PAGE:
“We have created the system that provides both sides of that transaction, the ability to experience payments the way that [each side] wants to,” Shrauger said.
It’s become increasingly complex as Airbnb continues to add more functionality to the platform, making the guest/host experience richer, rewarding, and personalized. For instance, when guests are booking experiences along with their stays, they want their “tab” to reflect all of those experiences, not a series of one-offs. Shrauger quoted Airbnb data that suggests that 80 percent of Airbnb hosts offer those types of recommendations for their guests — 50 percent of whom follow through with them.
Longer-term bookings, such as those Airbnb has seen increasing over the course of the pandemic, can run into the tens of thousands of dollars. Features such as Payless Upfront allow guests to break up the payments for their stays so that part of it is paid in advance at the time of the booking with the balance paid out later, more similar to the hotel booking experience that guests are used to.
Rewriting The Future Of Travel
No one has a crystal ball to know with real certainty what comes next for the travel industry, domestically or internationally, even as the industry remains ever hopeful as demand begins to slowly pick up.
That the industry is and will be different, Shrauger noted, is certain; what exactly that will look like is still very much under construction. Regardless, Airbnb remains true to its mission — helping guests connect to neighborhoods where they can “like a local” outside the city centers and experience the restaurants and shops and attractions far removed from the usual “tourist traps.” Shrauger said that more than $117 billion in direct host earnings had been created on the Airbnb platform since its inception — money that otherwise wouldn’t have found its way into the bank accounts of the everyday folks who have turned demand for their home into cash.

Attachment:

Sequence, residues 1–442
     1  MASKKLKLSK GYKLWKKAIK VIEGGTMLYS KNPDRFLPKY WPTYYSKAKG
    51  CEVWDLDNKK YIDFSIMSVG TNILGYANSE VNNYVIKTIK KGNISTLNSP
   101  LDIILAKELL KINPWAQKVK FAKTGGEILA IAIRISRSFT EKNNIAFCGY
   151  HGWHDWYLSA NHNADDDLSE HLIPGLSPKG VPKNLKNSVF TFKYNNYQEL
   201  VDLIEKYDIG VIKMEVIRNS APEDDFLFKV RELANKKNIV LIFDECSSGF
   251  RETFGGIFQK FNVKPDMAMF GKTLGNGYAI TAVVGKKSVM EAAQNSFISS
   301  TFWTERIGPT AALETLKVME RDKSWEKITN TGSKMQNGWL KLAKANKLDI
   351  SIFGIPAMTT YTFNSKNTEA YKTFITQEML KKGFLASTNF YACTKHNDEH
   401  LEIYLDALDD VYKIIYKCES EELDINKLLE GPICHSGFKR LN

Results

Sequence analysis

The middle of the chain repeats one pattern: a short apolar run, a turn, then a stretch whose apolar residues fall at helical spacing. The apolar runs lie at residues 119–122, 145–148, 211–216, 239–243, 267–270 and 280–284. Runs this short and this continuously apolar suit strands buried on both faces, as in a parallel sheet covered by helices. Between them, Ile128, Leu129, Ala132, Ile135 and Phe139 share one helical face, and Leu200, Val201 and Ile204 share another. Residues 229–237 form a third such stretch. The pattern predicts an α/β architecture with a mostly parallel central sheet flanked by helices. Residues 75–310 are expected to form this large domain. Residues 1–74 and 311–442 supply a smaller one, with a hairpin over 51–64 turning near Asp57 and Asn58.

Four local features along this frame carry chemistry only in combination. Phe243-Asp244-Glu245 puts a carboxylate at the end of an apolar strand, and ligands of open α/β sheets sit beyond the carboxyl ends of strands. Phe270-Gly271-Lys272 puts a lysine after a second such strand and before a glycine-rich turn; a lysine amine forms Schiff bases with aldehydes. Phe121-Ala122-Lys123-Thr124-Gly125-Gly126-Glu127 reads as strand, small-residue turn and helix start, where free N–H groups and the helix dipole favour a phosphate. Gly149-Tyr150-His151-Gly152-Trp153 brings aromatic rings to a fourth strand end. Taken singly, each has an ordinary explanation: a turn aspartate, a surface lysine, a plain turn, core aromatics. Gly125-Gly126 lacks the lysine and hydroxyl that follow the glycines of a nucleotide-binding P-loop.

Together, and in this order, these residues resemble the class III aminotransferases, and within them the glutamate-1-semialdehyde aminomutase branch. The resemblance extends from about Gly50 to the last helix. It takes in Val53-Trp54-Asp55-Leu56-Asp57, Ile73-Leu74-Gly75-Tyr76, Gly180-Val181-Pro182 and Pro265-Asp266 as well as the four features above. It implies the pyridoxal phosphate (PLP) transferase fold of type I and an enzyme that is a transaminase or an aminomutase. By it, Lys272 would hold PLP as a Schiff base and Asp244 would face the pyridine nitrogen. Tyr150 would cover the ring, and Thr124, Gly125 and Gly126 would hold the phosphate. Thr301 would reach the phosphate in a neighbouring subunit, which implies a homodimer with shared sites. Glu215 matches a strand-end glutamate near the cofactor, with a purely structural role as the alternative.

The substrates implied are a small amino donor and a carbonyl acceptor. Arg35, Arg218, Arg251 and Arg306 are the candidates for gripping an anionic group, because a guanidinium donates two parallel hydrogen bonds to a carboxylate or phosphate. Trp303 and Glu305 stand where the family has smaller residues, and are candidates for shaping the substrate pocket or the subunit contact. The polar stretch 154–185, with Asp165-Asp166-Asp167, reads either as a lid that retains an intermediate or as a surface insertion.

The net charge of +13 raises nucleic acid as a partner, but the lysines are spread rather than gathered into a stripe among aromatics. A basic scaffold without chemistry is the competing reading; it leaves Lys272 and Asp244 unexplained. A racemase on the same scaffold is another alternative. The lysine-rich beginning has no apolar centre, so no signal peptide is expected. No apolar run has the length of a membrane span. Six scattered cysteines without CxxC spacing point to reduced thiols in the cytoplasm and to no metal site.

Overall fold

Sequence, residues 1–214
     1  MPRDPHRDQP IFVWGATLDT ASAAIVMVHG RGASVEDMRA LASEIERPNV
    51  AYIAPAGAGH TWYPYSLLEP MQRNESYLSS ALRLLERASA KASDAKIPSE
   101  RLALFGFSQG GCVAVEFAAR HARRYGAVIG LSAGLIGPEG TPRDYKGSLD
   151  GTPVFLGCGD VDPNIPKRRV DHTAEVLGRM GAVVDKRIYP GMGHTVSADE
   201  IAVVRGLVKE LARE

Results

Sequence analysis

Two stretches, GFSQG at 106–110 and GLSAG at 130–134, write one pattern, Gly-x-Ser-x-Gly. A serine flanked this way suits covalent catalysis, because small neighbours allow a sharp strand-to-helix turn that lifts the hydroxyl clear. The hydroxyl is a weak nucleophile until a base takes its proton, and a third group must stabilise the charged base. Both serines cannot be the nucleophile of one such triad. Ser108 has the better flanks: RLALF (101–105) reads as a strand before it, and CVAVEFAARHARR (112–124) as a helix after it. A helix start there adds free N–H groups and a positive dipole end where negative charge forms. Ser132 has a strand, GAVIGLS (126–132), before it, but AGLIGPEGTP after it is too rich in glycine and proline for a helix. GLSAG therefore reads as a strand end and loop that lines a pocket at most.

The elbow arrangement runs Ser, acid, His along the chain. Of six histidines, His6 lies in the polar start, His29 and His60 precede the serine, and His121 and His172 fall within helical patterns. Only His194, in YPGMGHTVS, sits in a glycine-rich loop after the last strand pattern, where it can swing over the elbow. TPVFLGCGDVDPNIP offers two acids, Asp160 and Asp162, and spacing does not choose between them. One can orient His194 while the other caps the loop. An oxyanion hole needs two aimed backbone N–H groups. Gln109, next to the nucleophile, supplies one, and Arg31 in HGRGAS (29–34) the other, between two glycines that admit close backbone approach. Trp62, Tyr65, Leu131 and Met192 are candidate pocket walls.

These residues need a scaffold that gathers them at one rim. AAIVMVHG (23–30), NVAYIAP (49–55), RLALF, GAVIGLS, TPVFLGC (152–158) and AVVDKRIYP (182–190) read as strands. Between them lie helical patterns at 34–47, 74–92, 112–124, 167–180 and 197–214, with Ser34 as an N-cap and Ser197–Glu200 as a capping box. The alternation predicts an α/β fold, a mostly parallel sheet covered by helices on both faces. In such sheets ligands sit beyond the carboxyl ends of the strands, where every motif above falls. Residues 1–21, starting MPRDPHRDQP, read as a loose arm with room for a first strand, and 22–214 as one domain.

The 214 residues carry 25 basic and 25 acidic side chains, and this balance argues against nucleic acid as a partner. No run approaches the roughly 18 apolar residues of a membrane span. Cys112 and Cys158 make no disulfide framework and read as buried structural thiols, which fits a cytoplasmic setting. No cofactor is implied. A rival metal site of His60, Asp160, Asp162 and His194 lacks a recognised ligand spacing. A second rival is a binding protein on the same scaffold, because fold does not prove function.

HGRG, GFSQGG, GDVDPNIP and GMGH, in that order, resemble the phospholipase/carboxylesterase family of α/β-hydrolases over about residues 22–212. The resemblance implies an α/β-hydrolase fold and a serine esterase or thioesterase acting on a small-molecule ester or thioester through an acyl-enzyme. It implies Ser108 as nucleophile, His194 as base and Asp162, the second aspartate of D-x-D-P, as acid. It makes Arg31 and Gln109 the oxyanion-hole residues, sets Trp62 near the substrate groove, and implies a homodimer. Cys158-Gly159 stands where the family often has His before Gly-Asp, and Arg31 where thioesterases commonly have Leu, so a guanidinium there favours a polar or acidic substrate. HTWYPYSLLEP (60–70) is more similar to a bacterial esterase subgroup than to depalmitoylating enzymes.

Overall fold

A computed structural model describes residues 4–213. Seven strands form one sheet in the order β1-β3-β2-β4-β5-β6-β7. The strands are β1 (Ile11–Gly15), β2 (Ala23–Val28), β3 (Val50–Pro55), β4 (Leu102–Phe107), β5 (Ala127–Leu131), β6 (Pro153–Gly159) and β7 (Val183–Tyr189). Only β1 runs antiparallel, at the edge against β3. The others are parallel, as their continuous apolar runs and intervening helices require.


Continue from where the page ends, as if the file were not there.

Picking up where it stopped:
In many ways, he noted, payments is the foundation of Airbnb’s business because “payments is trust.”
For a global marketplace such as Airbnb to exist and function efficiently, it needs to inspire trust — in the platform, in the host and the payments experience. Trust, Shrauger said, for how the money moves, trust that the policies are what they say they are, that the properties are what they say they are and that if problems arise, there’s trust that Airbnb is there to help intermediate between the guests and the host.
That trust, enabled by the Airbnb payments experience, Shrauger said, is an important cornerstone for the connections their platform makes possible between Airbnb, the guest and host — and the many value-added experiences that exist today and will likely evolve further in the months and years to come.
“The foundation for everything we do is trust — it’s trust that we’re going to meet their needs today and be ready to meet the ones they or we haven’t even thought of yet that will arise tomorrow.”